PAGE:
Intrahepatic mass-forming cholangiocarcinoma growing in a gi
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Hepatic hemangioma (HH) is a common benign tumor with a high number of normal or abnormal blood vessels. Intrahepatic cholangiocarcinoma (ICC) is a relatively common malignant primary hepatic carcinoma (10%–15%) with high incidence rate and high fatality, yet low discovery rate in the early stages. Ultrasonography (US), computed tomography, and magnetic resonance imaging (MRI) are frequently used and indispensable imaging techniques for the diagnosis of hepatic lesions. It is possible to differentiate a liver lesion from HH with high accuracy owing to their different patterns and hemodynamic characteristics.

A 59-year-old Asian woman was referred to hospital for a hepatic mass, which was 9.0 × 6.5 cm in size, The patient was tested positive for hepatitis B antigen but negative for serum alpha-fetoprotein and carbohydrate antigen 199 and had a slightly elevated carcinoembryonic antigen level (3.56 ng/ml).

Liver US and MRI were performed. Grey-scale US revealed a huge heterogeneous mass on the right lobe with a point and line-like blood flow signal on Doppler US. Dynamic contrast-enhanced MRI showed heterogeneous annular nodular enhancement in the arterial phase. An initial diagnosis of HH was made based on the clinical history and imaging results; however, histopathologic examination of the liver lesions revealed modest to severe atypical hyperplasia of intrahepatic bile duct epithelium, cancerization, and mid to high differentiated mass-forming type cholangiocarcinoma combined with focal organized hemangioma.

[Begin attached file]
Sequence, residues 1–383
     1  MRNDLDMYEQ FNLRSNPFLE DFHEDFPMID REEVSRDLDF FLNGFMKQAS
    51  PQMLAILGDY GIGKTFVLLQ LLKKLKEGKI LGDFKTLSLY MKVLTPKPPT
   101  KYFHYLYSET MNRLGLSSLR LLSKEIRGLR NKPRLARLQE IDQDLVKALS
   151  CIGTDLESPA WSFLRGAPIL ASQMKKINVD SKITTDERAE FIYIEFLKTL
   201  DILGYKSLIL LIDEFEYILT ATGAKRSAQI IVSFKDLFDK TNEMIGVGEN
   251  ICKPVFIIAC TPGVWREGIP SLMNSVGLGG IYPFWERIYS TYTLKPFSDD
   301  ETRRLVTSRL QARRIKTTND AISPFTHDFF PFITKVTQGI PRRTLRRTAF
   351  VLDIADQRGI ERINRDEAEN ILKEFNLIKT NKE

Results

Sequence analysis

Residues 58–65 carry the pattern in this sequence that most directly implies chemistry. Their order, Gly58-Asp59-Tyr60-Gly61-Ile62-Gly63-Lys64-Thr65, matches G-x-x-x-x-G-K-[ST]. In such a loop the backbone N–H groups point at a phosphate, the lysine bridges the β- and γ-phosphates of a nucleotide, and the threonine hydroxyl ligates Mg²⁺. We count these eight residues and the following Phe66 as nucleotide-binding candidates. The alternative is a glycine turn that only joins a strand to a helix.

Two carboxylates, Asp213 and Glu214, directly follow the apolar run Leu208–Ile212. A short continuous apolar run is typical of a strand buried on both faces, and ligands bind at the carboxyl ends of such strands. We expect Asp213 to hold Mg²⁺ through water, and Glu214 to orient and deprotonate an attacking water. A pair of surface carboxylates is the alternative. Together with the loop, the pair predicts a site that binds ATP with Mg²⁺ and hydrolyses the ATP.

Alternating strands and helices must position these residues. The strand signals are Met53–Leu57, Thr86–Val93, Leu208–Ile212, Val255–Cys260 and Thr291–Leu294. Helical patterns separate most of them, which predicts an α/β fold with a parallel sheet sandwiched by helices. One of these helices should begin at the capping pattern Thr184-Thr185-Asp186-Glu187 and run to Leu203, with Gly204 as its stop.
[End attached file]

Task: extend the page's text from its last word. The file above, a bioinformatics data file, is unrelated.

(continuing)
The intrahepatic mass-forming cholangiocarcinoma (IMCC) lesion was considered a focal organization of hemangioma during operation and was surgically removed. No routine chemotherapy was performed after the operation. The IMCC recurred 23 months after surgery, with elevated serum CA19-9 and CA125. Liver damage was evident, and the patient developed jaundice. The patient was discharged without active treatment and died in 4 months.

Source: Medicine: July 2019 - Volume 98 - Issue 27 - p e16410

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